Imagine driving along the street one morning shortly after the rush hour traffic had died down, approaching a busy intersection and in the middle of making a left-hand turn spying a tiny ball of fur pressed hard against the concrete curb. Suppose that from, what at first glance appears to be an old car washing mitt, you suddenly make out a hind leg and paw. If you have any sort of compassion, you will easily know how you might feel once you realise that the ball of fur is, in reality a tiny abandoned kitten.
For me, there was a moment of shock. Fear of the worst. But for one such as myself, there is always that little glimmer of hope. The chance that if, once able to pull off of the road and run back to the spot, what can’t be…actually will be. There’s always an outside chance.
Imagine the relief to find that, miraculously, it has survived, and that out of all of the cars which have roared past all morning long; that out of every chance that the animal may have taken to instinctively scramble to safety and thereby insuring, instead certain demise, it didn’t.
This scenario actually took place precisely a week to the day before the death of our beloved Small Frye. There were other interesting parallels as well. The very evening before this remarkable rescue was when Frye began to lose control of her bladder and gave the first indications of the severity of her worsening condition. It was also apparent that the newly found kitten’s white hind leg stockings and forepaws were strikingly much like Frye’s, as well as her being of the same breed; a long haired domestic with a high nose bridge, whereas most cats exhibit a shorter snout and flat nose.
In addition, when the orphan was brought home and introduced to the other, much older cats, she was received as though her inclusion were almost anticipated, with no resistance and only a small amount of curiosity. Normally, the regulars would have been ready to do battle with any stranger, so much so there was an initial reluctance to bring her in at all.
It was only then after the kitten, who finally came to be known as Peanut, was accepted, did Frye’s condition worsen with alarming speed. A week later, the cat count was the same as the week before.
Frye’s offspring were clearly aware of their mom’s passing, and on the morning of arranging the grounds for burial, two of the four sat solemnly on either side of their mother’s lifeless body as though they were absorbing her vibrations.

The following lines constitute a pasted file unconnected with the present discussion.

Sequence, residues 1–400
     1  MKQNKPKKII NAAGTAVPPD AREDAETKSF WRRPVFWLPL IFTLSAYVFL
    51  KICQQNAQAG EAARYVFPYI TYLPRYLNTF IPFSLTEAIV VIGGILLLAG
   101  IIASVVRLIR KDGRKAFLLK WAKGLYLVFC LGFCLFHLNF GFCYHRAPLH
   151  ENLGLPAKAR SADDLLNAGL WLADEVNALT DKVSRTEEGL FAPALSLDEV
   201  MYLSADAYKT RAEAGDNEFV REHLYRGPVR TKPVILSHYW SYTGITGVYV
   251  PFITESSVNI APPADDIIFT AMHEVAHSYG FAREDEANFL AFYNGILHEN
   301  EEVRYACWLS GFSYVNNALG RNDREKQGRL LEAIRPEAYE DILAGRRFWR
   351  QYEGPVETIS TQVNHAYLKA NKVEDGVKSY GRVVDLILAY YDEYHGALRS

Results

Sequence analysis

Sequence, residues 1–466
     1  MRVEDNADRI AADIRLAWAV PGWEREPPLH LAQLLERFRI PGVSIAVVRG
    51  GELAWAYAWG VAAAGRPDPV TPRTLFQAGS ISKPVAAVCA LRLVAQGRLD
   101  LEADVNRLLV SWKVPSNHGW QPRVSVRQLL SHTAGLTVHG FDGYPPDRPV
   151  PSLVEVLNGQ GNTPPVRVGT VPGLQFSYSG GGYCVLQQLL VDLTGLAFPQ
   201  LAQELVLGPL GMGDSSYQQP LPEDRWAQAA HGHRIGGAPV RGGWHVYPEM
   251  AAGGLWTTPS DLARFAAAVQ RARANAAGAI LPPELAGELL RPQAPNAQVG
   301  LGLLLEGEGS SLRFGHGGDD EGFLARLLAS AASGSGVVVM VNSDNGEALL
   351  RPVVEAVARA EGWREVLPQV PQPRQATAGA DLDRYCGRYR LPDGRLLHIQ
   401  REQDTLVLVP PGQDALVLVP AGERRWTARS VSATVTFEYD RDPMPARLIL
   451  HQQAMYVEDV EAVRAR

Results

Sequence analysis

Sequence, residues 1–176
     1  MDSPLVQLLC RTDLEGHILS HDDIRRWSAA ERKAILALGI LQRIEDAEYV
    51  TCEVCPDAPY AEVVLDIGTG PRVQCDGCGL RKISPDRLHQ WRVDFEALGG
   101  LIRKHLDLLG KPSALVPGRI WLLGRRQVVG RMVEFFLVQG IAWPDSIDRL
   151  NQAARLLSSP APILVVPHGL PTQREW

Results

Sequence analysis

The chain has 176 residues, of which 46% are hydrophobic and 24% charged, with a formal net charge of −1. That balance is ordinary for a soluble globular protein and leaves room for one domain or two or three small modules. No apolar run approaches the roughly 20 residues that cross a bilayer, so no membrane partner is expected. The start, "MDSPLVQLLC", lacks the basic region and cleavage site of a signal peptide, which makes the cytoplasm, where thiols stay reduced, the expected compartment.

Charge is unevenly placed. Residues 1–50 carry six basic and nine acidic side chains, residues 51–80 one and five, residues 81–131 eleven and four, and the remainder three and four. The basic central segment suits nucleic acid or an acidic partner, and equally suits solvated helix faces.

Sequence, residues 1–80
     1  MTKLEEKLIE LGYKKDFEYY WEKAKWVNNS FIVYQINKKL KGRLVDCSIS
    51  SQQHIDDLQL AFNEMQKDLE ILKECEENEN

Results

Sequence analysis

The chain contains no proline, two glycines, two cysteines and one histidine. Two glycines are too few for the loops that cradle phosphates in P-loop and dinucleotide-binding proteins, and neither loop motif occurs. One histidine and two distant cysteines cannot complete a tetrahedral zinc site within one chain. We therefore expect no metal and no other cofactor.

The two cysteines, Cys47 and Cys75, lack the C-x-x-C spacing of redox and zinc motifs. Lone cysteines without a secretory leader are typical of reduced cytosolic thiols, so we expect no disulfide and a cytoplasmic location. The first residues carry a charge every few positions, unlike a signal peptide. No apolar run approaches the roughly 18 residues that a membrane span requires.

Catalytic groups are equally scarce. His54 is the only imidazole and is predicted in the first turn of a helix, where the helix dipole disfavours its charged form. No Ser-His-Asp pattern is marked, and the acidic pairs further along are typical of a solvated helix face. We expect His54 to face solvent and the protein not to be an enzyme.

Throughout the following week, the moods of Frye’s offspring took sudden turns. Popper, one of the females, sat almost exclusively where her mother had spent the last two weeks, on a phone desk in the kitchen. Bear, the only surviving male of her two litters, who is usually high-strung and constantly seeking attention, wandered the house in an extremely docile state, sniffing the house and lying in all of Frye’s favorite spots.
Then something amazing began to take place. Whether from the sudden separation from both of their mothers or some other anomaly, Bear and Peanut ‘adopted’ one another. They became, within the week, nearly inseparable, and one evening when they both lay at the back screen door, it was noted, with much incredulity, that Peanut was actually attempting to suckle Bear.
Our experience with cats during their mourning period was non-existent up to this point, and this revelation was surprising and inexplicable to us.
As of this writing, a period of adjustment seems to be upon us all, and each of us deal with the loss of Small Frye in our own way; but given the extraordinary conditions and situations that both Frye and Peanut were found, the way in which their lives almost seamlessly overlapped by only the one week, and all of the other similarities, it is no small wonder that it has been traditionally rumoured that these mysterious animals have live nine lives.